“People with disabilities deserve to have the same opportunities to be active as everyone else.”
– Niamh, Daffy, CEO, CARA
When COVID-19 rocked up on our shores. Many suffered, and we have lost loved ones as well as our old way of life. We’ve welcomed the vaccine, hurried in the boosters, and the restrictions have melted away. Finally, we are starting to get back to our new normal.
Living through the pandemic has thought us many things. One of them is just how important our physical and mental health is. A great way to focus on both is by practicing in sport, joining the local sporting programs, or jumping into GAA. Unfortunately, this is not the same for all of us. While we should all have access and be able to benefit from sporting activities, many disabled people face barriers that are difficult or impossible to overcome.
While COVID-19 is not yet a distant memory, now is the time to think and reflect on how we as a nation can make and focus on making everything accessible for all. How we, as a nation can make all sports inclusive.
Benefits of Inclusive Sports
A lot of the benefits from sports is overlooked. Yes, it helps keep our bodies fit but what about how it helps:
- Increase motor skills development
- Increase confidence
- Increase independence
There is, of course, benefits for our community as a whole by implementing inclusive sports too. We would see an:
- Increase in the appreciation of and acceptance of those with disabilities
- A better understanding of diversity
- Greater respect for all
- Development of meaningful relationships
- A significant increase in the access of and inclusion within other aspects of life
Of course, it can be difficult to achieve any of the above when there are still a number of barriers in the way.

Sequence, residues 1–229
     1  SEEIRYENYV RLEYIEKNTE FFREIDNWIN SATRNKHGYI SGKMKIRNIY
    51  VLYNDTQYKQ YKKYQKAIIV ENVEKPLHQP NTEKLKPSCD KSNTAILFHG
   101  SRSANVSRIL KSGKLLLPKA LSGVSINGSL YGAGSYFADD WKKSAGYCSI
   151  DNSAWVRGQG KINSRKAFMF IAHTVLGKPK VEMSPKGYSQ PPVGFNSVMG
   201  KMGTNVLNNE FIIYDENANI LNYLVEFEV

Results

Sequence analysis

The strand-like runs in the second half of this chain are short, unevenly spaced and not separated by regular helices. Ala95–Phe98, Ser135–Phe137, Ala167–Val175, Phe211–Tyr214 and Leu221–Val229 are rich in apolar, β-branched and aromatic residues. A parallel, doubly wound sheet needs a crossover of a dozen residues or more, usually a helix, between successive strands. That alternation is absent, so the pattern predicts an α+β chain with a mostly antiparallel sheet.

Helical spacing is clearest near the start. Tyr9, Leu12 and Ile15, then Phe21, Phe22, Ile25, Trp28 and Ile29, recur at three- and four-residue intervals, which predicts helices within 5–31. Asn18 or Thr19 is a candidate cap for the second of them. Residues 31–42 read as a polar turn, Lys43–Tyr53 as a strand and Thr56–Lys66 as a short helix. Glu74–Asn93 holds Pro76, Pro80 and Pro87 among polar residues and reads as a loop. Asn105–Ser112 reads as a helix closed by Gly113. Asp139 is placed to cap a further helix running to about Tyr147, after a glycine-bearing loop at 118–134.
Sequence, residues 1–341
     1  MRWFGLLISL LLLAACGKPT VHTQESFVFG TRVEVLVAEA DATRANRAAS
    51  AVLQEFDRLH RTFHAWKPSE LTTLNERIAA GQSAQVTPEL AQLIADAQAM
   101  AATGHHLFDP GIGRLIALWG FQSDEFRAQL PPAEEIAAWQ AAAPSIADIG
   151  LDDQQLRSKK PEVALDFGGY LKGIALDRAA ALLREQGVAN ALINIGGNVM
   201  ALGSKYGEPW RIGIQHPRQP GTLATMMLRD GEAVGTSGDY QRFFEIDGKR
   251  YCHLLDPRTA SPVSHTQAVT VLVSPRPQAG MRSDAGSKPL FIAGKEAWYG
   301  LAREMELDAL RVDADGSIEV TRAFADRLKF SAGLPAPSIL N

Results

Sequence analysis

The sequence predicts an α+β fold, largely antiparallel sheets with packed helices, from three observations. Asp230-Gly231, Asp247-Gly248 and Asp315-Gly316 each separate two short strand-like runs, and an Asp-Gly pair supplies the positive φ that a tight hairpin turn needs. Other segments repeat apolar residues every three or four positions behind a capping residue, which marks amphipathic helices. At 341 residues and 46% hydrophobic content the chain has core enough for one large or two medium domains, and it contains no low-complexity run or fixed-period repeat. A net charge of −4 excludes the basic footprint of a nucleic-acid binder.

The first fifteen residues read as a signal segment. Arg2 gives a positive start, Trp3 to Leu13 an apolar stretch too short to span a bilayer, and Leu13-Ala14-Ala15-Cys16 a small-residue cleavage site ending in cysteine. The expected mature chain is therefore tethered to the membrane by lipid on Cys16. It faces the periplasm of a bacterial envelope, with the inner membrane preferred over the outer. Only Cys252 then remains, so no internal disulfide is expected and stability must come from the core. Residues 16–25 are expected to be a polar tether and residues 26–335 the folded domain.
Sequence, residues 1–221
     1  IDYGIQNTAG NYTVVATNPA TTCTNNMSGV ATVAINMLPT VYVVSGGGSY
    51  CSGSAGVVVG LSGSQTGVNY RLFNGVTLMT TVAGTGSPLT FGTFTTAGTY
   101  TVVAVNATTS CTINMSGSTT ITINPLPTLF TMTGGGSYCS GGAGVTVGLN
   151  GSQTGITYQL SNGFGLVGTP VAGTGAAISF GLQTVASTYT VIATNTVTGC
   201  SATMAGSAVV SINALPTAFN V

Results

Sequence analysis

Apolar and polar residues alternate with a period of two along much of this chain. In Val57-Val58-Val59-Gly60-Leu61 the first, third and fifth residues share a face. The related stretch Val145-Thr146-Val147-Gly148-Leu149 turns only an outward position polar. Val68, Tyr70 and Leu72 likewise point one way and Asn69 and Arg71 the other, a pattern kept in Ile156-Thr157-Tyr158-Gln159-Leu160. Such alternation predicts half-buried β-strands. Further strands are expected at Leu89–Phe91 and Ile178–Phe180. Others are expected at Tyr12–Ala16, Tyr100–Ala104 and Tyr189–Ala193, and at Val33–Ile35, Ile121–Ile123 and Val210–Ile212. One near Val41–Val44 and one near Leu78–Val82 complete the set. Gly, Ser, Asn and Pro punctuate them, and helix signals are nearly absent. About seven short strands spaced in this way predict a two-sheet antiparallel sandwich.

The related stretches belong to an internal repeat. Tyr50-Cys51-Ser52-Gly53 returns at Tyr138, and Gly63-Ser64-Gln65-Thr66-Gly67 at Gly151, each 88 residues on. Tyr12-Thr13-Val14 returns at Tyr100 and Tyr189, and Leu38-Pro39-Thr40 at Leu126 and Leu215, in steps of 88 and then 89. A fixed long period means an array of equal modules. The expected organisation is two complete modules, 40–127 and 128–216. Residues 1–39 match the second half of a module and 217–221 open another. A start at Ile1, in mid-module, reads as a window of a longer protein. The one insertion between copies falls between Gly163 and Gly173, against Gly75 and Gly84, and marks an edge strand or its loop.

Barriers to Reaching Inclusive Sports
In order to offer accessible sports to all in Ireland, we first need to address the following barriers:
- Lack of opportunities and programs locally
- Very few (if any) accessible facilities available
- Limited information on and access to resources
- Lack of awareness for those without a disability – they are unsure of how to proceed and involve everyone.
- Limited access to accessible transport
- Negative self-image and lack of confidence
- Little media coverage on role models to aspire to
If you are interested in helping to tackle the above barriers or to get involved in playing sports more inclusively, there is a great organisation here in Ireland, known as CARA. They are the national pan-disability sports organisation that provides a collaborative platform to help increase sport and physical activity opportunities for disabled people across the country.
One thing we can all enjoy together right now of course, if a hot cuppa that is accessible to all. Our very own Uccello Kettle which is part of our very own daily living aids range. Should you or someone you care for benefit from our easy pour kettle, you can purchase your very own right here.